I Served the King of England
To 1960s American audiences, Milos Forman and Jirí Menzel were the Czech new wave. And while Forman eventually immigrated to America and won multiple Oscars, Menzel--whose 1967 dark comedy Closely Watched Trains remains a gem--practically disappeared from world cinema. His 2006 I Served the King of England appears to be his first movie to receive U.S. distribution since his 1990 Larks on a String. Like Larks and Trains, King is adapted from a novel by the late Czech satirist Bohumil Hrabal and freely mixes absurd humor, frank sexuality, and comic bleakness into its pseudo-historical narrative. Childishly playful and soberly critical, it ends up feeling like a gorgeous petit four with a fishhook buried inside. Hollywood rarely, if ever, makes comedies this mirthfully anarchic.
It opens with the aged Jan Dite (Oldrich Kaiser) being released from a Prague prison in the '60s (he was sentenced to 15 years, but because of amnesty he only had to serve 14 years and 9 months). He's cast off to a rural village where German settlers lived during WWII, and while there he flashes back to why he went to prison, when the young Dite (Ivan Barney) dreamed of becoming a millionaire with his own hotel when he was just a wiener salesboy at the train depot in the 1930s.
King spends most of its time in these fanciful flashbacks, which allows Menzel to unleash a torrent of tongue-in-cheek visual puns, casual jokes, daft cinematic allusions, and loony set pieces. Young Dite's ascent from wiener boy to bar back to hotel servant to front waiter at Prague's best hotel parallels the rise of Nazi Germany and its eventual occupation of Czechoslovakia, but Menzel (and, especially, Hrabal) aren't interested in throwing dull darts at obvious targets. Instead, Barney's Dite becomes a Chaplinesque clown stumbling through the 20th century's tragic carnival and toward his own incriminating doom by navel-gazing solipsism. That the movie doesn't come out and condemn collaboration by simple-minded apathy isn't a fault, merely a product of satire that takes aim every target available.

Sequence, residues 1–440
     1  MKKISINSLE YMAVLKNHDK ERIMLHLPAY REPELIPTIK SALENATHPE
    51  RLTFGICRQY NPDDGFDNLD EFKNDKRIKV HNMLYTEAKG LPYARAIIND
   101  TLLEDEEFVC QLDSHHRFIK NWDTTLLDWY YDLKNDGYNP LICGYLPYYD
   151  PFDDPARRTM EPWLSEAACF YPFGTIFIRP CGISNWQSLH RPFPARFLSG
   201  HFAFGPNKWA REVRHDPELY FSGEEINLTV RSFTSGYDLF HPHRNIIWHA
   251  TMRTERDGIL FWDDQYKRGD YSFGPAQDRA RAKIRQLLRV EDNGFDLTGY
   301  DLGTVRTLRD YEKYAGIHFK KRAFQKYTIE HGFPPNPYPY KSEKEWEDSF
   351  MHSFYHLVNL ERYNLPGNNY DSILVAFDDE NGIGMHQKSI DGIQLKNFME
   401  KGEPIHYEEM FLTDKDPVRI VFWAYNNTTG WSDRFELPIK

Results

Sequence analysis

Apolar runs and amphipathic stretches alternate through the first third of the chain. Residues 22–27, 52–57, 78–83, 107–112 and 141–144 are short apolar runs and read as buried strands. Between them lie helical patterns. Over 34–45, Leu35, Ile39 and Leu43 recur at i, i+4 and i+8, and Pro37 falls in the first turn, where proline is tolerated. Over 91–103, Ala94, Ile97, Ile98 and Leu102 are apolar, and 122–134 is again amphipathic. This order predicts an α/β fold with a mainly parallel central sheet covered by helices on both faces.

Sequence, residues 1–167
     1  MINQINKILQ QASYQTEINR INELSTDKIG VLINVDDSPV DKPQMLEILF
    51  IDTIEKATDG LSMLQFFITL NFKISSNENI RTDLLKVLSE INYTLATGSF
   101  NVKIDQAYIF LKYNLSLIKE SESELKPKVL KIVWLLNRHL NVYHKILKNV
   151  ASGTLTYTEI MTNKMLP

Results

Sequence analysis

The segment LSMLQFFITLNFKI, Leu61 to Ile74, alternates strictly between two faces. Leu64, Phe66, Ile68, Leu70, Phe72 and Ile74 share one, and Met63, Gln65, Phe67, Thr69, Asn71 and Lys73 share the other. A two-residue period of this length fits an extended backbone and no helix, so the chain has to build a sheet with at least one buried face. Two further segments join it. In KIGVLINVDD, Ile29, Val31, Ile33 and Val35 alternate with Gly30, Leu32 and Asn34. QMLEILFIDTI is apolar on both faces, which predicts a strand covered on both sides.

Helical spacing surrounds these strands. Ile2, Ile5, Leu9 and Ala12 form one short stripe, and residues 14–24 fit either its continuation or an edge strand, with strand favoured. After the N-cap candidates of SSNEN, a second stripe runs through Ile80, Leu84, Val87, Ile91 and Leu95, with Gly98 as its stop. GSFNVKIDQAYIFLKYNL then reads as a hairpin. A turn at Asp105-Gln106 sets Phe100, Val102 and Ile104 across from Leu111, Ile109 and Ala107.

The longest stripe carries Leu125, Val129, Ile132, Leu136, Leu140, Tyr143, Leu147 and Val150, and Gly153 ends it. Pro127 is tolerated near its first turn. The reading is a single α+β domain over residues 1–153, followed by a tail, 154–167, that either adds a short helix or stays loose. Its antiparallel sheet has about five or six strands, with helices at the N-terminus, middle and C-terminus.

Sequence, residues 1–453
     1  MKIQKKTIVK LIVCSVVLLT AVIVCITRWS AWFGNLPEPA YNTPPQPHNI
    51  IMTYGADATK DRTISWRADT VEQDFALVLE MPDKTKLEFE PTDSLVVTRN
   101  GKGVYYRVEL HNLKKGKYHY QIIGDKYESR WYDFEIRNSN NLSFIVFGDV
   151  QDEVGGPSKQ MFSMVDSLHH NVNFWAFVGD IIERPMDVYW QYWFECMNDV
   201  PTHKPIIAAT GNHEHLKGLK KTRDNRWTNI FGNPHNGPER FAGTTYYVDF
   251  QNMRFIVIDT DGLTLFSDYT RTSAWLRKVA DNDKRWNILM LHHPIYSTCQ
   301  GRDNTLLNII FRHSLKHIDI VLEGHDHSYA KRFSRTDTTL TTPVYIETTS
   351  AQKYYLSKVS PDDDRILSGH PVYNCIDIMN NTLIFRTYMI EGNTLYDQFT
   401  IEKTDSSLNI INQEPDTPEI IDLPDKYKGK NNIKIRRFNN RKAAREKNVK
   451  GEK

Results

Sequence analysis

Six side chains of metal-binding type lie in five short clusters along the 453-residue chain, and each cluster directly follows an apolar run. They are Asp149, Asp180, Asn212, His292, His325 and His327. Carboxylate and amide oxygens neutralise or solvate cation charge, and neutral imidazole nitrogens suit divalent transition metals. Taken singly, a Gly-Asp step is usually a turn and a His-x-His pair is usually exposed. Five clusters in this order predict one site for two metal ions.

Which Menzel hits with bull's-eye accuracy practically the entire way through: an upmarket hotel brothel that keeps snowballs in a portable freezer so that the guests can have snowball fights on a glorious spring day; Dite's habit of tossing his spare change on the ground to watch the upstanding bourgeoisie scrounge for it; and, perhaps the most daft visual gag, the young, blond, Slavic Dite--a very diminutive man--sporting a Hitler mustache and literally becoming a bumbling Aryan clown in the F%uFFFDhrer's image. Nothing particularly comes of all this bawdy mischief--in fact, King concludes on a feeble fairy-tale note--but the journey is so much fun you almost don't miss the spry anger that would have accompanied something like this in the '70s. Almost.